Of course I’m not saying this exclusion is by any means purposeful or that video games don’t require skills, – they require a lot of different ones and it varies depending on the game – but that the notion that women have come to believe that they lack the ability to hold a controller is arguably the top one that pushes them away from playing and intimidates them. More often than not, they’re pressured to do so in front of other men, be it a boyfriend or their guy friends – even just for fun – and will be ridiculed, jokingly at times, other times not so much, for their failure to be an expert at something they’ve just picked up. From thence forward, they’re conditioned to believe they are inherently bad and lacking in talent at something that in reality they’ve hardly had the chance to exercise.
Because video games, just like reading and writing and anything else you’ve ever picked up, take some practice. But in reality, they require a lot less learning and practice than reading and writing ever did. In other spheres of art, people rarely dare to make fun of beginners, but in the gaming world it’s different because people have the misconstrued expectation that using a video game controller is an inherent skill you either do or do not have. Furthermore, buttons and controllers change constantly, meaning even the most experienced players around still have to constantly relearn buttons and rewrite their instincts. However, because women are not encouraged to play video games in their youth, when compared to men who have been playing games since they were in middle school they are considered to be “awful” at games, when in reality they just need practice with the controls.
So for that reason alone, I believe most women are turned off by the idea. Nobody likes to be bad at something, especially something they don’t believe they are capable of improving upon. But that’s just the trick with games. The skills of using a controller are more intuitive than you realize and just require a quick warming up to. And even if you are decidedly “bad” at video games, there’s always the “easy” mode created so that people can enjoy the story without distractions – or repeatedly dying.
Lack of Marketing
As I touched on before, when a something isn’t market towards you, you’re less likely be interested. Though this is not always bad, it can completely estrange a group of people who would be a great customer.
As we all know, though the times are changing and evolving, it’s far less likely that marketers are going to suddenly decide to invest all the money into advertising towards people besides men and far more likely (perhaps with the help of this blog post?) that women will become more interested in games, and then the marketing will follow. But what would marketing towards women really mean? It certainly doesn’t mean making everything pink and girly – though it can – but it also doesn’t mean just using the same marketing tactics altogether because there are so many “types” of women out there and the current approaching to marketing estranges a lot of them.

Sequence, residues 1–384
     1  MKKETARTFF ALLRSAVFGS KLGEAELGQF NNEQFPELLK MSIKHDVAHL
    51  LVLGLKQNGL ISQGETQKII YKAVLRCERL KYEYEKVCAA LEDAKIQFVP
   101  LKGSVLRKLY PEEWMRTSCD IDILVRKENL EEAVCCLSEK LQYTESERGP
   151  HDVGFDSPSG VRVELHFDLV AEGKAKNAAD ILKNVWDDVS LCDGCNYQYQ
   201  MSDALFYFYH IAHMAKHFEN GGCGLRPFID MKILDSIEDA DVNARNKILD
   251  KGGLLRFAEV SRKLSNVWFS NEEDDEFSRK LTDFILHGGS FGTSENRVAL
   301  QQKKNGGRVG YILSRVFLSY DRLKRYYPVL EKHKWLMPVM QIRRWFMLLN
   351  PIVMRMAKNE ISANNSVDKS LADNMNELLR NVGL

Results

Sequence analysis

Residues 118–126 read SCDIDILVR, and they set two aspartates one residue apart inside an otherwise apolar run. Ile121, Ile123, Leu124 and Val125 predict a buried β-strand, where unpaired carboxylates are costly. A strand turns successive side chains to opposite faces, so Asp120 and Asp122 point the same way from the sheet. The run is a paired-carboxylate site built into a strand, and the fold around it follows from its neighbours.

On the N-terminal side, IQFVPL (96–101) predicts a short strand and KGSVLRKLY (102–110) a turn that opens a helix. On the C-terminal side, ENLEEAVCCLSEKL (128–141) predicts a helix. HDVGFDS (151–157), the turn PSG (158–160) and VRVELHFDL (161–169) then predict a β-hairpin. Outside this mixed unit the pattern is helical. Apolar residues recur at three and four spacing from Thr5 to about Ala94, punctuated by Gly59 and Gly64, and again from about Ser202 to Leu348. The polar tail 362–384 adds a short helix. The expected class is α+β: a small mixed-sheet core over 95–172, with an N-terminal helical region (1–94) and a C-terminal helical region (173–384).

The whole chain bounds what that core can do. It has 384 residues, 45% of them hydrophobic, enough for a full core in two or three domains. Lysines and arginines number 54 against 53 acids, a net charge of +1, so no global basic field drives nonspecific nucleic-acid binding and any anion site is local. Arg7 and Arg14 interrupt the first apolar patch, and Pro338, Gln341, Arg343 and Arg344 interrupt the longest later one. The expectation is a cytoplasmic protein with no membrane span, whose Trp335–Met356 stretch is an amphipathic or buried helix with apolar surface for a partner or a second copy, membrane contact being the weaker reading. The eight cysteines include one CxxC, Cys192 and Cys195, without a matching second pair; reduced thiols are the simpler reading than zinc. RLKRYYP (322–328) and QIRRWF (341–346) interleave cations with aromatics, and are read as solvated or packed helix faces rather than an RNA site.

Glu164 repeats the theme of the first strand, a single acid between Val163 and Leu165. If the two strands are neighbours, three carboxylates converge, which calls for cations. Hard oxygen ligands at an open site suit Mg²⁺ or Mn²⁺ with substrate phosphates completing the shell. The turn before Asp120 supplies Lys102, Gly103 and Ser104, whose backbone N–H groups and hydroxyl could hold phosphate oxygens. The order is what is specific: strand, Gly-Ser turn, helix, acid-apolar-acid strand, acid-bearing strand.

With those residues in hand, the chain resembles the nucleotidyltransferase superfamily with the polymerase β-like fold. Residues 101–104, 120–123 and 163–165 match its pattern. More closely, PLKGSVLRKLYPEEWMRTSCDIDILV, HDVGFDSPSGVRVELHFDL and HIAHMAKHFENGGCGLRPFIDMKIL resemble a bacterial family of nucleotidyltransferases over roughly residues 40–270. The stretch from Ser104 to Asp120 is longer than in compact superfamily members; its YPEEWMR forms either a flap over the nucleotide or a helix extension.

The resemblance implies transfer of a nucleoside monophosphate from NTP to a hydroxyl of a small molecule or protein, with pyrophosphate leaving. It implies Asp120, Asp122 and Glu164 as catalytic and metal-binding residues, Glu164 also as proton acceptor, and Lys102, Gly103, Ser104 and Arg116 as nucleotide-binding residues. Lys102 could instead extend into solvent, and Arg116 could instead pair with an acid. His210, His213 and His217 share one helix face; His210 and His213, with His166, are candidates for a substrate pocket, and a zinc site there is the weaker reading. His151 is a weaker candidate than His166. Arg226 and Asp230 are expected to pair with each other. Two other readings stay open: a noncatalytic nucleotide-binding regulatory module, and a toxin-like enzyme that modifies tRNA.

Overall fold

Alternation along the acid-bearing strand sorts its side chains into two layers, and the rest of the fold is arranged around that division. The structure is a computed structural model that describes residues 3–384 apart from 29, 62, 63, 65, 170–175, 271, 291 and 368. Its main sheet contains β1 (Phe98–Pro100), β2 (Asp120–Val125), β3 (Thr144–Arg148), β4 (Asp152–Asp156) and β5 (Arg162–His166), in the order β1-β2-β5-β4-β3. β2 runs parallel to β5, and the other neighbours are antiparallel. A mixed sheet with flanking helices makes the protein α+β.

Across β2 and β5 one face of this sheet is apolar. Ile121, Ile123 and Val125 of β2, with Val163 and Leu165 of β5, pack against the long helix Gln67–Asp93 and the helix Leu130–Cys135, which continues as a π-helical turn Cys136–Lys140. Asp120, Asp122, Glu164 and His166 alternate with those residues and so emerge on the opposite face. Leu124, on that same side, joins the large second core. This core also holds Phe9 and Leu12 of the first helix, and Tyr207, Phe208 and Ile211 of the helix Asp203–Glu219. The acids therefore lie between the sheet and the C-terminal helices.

There are women like me who know every detail about Westeros and can play video games until four AM yet at the same time also like Korean beauty products and shopping for clothes online. But there are also women in every other category possible. Women who love cars, women who love working out, women who love make up. And all these women can easily also be the same person. That’s why video games should be marketed to us. Our interests are wide and don’t belong in categories, so what about video games seem so vehemently exclusive to women?
To start, the sexualization and violence in many video games can be an enormous turn off and rightly so. Women don’t like seeing other women – even virtual ones – being treated like an object and they certainly don’t like it when every single woman in a game is treated that way. However, the notion that every video game has these traits is the result of marketing towards men. Sure, not every guy loves the idea of driving around in a virtual car running over strangers and ogling over the unrealistic body type of a woman, but they’re still more likely to get into gaming than women, perhaps because it doesn’t affect them as much or because they are fortunate enough to see the game for what it really is.
It’s my belief that if more triple-A video games began to market the story of a video game instead of the action and the violence, more women would give video games a chance. Additionally, I think that if women saw more games where women were the protagonists they would feel more inclined to play. Luckily more and more video games are making women their main characters and opening up the market to a new perspective, even if the marketing style is still pre-dominantly oriented towards men.